In some organizations, “teamwork” is a buzzword. But in others, it has become a latter-day Holy Grail—pursued obsessively, but not always productively. What makes the difference?
In February, a profound article in the New York Times Magazine, “What Google Learned From Its Quest to Build the Perfect Team,” revealed some interesting, data-driven findings for our teamwork-obsessed economy.
Here’s what the article (by Pulitzer Prize-winning reporter Charles Duhigg) says about why some work teams are energetic and productive—and others produce little (except perhaps for extra stress).
- Team function has little, if any, correlation to members’ education, compensation, social status, organizational rank, or outside-of-work connection.
- One major factor—if not the major factor—in team success is how comfortable members are sharing their thoughts. Social scientists describe this feeling as “psychological safety.”
- Psychological safety stems from “conversational turn-taking” (when team members spend about the same amount of time talking) and members’ empathy.
In Duhigg’s words, “In the best teams, members listen to one another and show sensitivity to feelings.”
Finally (and perhaps most excitingly), in another direct quote from the article:
4. “Empathy and sensitivity can be measured.”
Why is this exciting?
It’s exciting to great team leaders because Google’s five-year study (dubbed “Project Aristotle”) confirms what they’ve learned from experience: that people who feel heard and respected work better together, and they contribute more.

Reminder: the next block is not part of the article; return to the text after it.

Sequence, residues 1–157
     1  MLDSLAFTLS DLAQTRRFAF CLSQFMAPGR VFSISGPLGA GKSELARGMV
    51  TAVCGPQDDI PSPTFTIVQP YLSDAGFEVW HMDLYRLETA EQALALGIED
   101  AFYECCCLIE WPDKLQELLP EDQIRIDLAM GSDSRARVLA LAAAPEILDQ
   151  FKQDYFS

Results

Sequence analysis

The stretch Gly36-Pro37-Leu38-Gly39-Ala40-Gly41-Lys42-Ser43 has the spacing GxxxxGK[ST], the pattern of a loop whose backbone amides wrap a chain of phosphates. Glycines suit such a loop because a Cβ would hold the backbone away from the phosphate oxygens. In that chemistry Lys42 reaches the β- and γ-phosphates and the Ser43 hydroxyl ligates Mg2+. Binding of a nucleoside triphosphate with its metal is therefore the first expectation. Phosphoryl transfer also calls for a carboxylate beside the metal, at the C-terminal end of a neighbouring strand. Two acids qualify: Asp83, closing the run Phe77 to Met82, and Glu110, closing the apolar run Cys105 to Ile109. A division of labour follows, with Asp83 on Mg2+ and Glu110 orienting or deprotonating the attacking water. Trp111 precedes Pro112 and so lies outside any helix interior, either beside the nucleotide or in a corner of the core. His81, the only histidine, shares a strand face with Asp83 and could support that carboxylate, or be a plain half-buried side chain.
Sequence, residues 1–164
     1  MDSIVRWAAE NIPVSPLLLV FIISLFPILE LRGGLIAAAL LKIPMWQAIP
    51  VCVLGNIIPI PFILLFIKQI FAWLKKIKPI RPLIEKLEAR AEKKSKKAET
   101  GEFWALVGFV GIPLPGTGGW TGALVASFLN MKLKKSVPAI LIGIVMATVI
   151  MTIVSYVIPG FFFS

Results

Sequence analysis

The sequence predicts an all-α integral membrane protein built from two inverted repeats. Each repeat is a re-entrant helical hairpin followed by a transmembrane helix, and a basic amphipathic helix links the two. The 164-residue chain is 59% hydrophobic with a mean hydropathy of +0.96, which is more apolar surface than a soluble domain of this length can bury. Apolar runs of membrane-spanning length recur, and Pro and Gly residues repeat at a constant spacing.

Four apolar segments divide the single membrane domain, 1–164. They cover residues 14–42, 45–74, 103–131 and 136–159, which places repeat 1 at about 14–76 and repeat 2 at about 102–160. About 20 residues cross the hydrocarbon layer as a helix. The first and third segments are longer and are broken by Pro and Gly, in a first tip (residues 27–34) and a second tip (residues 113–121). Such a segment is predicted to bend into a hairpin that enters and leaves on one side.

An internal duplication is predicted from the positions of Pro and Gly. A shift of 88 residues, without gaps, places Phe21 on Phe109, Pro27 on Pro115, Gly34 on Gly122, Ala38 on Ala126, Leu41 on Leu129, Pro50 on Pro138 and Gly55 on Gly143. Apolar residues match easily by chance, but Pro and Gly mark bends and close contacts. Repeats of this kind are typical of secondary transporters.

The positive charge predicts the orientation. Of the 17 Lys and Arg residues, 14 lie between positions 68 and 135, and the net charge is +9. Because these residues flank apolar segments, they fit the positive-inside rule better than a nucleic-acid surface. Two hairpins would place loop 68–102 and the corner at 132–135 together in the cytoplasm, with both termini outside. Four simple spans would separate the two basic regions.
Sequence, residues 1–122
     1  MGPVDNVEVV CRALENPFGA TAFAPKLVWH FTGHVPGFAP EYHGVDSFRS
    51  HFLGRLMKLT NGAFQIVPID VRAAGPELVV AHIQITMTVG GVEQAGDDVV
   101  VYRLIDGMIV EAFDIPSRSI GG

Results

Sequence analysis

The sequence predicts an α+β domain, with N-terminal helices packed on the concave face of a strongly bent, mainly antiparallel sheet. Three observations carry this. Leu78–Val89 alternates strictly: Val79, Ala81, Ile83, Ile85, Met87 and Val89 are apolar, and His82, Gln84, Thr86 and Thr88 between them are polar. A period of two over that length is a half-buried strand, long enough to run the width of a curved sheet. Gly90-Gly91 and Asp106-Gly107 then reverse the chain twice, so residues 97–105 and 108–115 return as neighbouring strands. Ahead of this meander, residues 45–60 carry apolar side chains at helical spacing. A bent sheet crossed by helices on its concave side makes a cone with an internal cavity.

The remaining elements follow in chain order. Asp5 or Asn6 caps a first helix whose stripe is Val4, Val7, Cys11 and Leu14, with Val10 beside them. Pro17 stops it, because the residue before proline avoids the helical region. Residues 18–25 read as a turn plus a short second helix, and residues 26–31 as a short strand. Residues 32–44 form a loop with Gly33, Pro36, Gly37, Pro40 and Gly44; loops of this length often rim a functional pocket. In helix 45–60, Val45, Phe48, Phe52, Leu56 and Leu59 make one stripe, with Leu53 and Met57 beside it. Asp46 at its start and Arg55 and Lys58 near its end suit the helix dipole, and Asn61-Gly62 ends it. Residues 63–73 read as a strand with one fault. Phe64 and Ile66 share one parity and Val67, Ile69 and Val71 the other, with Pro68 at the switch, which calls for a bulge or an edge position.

It’s exciting to productivity and stress-reduction consultants (like me) because Google, the world’s most famous data-driven organization, has just confirmed decades of our own on-site observations and recommendations.
It’s exciting to the MBSR (Mindfulness-Based Stress Reduction) community (of which I’m also a member) because mindfulness is the best-known, most scientifically accepted way to boost empathy and sensitivity.
Why mindfulness matters to groups
Psychological safety (a feeling we have about groups) is closely akin to trust (a feeling we associate with individuals). Mindfulness (being aware of one’s surroundings, including others within those surroundings) is supportive of both.
Mindfulness supports trust by helping us accurately perceive individuals’ tones of voice, postures and facial expressions.
Mindfulness supports psychological safety by helping us “tune into” group dynamics and interact with empathy. Mindfulness also helps us stay calm and confident when we sense that other group members may not be.
Mindfulness is like WiFi.
At work, as in all aspects of life, we all have a fundamental need for interpersonal connection. In fact, one of the most primal, universal human fears is being alone, abandoned and helpless.
Psychological safety reduces that primal fear within groups, freeing participants to think and contribute fully.
By developing mindfulness-supported empathy and trust, we not only contribute to our group’s psychological safety, we also connect to a universal network of primal motivation. Learning to help others feel less alone tends to reduce our own aloneness.
We help create teams of people who care for each other, and who instinctively build good things together. Ultimately, we find ourselves part of flexible, sustainable, vibrant business and social groups that can grow, ebb and flow without retribution or rancor.
Paradoxically, such an inclusive attitude “comes back around” to enhance our individual wellbeing—and career prospects.
Because, as cutting-edge corporations like Google know, inclusion has become the most productive strategic path.
Try them and see if they change how you experience teams. And as always, let me know how it goes.